Figure 4: Footprints of Homo sapiens preserved in volcanic ash derived from Oldoinyo Lengai, near Lake Natron.
Figure 5a: Hike into the Engare Sero Gorge included scrambling on the volcanic cliffs and wading through the stream.
Figure 5b: Hike into the Engare Sero Gorge included scrambling on the volcanic cliffs and wading through the stream.

DAY 7: Another long drive, this time up the western escarpment of the Rift valley and through the Loliondo wilderness area onto the Serengeti plains. Large areas within the Serengeti Plains are contained within a world-famous national park that covers an area of some 14,763 square km. The dominant feature of the park is the seemingly endless plains that extend some 100-150 km westward and northward from the Ngorongoro Highlands toward Lake Victoria and the Kenyan border. The night was spent at the Lobo Lodge which is set around and upon a small koppie of Archaean-age granite with giant boulders.

DAY 8: This provided an opportunity for a full-day game drive and the unique chance to see large herds of wildebeest and zebra crossing the Mara River, in the northern extremity of the park, on their southward leg of the migration.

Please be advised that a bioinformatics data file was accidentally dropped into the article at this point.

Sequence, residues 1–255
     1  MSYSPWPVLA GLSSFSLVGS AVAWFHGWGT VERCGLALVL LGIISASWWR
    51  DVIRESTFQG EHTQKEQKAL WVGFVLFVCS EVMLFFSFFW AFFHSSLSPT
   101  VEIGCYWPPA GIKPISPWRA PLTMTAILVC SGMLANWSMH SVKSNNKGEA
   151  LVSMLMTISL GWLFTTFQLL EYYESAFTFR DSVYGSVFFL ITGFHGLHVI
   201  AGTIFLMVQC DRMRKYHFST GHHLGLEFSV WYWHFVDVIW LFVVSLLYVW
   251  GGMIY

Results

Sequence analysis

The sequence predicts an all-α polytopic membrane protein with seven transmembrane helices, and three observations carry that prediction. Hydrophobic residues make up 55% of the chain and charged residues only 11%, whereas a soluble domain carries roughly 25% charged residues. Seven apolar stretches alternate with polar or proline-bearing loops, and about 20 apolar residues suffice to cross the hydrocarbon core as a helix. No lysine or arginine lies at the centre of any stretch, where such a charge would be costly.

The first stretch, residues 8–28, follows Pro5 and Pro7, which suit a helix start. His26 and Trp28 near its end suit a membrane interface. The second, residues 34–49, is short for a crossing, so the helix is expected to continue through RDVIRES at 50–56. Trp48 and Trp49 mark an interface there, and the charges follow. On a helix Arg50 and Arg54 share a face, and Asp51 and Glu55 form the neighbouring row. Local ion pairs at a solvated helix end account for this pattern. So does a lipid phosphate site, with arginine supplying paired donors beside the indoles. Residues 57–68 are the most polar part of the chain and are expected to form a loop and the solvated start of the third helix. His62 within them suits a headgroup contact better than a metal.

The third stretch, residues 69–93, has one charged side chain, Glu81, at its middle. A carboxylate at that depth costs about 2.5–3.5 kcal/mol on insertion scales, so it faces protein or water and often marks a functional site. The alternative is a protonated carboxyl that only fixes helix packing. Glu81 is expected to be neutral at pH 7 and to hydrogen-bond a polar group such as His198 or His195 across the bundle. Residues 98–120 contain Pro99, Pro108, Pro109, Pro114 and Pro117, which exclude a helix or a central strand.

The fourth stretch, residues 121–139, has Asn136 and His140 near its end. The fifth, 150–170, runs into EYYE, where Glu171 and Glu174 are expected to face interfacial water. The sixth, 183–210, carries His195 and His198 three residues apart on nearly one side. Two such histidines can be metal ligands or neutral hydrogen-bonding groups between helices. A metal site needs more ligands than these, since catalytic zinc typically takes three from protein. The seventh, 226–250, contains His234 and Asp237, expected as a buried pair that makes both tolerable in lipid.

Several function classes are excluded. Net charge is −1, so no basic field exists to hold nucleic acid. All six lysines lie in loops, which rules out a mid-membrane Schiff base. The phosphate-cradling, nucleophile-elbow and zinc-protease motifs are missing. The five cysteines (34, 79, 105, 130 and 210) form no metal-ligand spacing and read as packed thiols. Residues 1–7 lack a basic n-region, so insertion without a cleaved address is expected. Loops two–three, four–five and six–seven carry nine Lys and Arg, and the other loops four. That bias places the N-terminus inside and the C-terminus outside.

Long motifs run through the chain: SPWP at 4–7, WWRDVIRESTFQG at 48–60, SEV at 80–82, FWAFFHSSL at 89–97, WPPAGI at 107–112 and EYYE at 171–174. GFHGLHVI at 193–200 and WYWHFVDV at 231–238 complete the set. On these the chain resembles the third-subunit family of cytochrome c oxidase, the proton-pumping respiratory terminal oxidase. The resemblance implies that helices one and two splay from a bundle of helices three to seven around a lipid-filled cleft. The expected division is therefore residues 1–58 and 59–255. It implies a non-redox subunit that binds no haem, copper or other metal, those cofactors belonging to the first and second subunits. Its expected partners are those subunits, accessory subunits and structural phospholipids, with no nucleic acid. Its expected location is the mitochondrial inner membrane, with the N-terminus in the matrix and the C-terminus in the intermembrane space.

Figure 6: Examining the carvings at the Gong Rock, Serengeti National Park.

DAY 9: The drive south from Lobo Lodge towards the Seronera region provided an opportunity to examine the different geological terranes within the area. The dominant feature is the Archaean-age Central African or Tanzanian Craton. North-west trending belts of greenstones (2,810-2,630 Ma) include metamorphosed volcanic and metasedimentary rocks that are severely deformed and exhibit a schistose appearance. They crop out in low, bush-covered ridges or (more typically) are observed in river crossings, such as the Mbalageti River. The greenstones are enclosed by coalesced plutons of granite-gneiss (2,720-2,560 Ma) that crop out in clusters of koppies, such as the Moru and Simba koppies. We made a short hike on several koppies including the Gong Rocks where the Masaai have created hollows for ritual purposes. The Ikorongo Group is a localized sedimentary basin (NeoProterozoic-Cambrian) which we observed in fault-bounded hill slopes and around the Sopa Lodge. Large parts of the eastern Serengeti Plains are covered by thin layers of Holocene-age ash derived from Oldoinyo Lengai.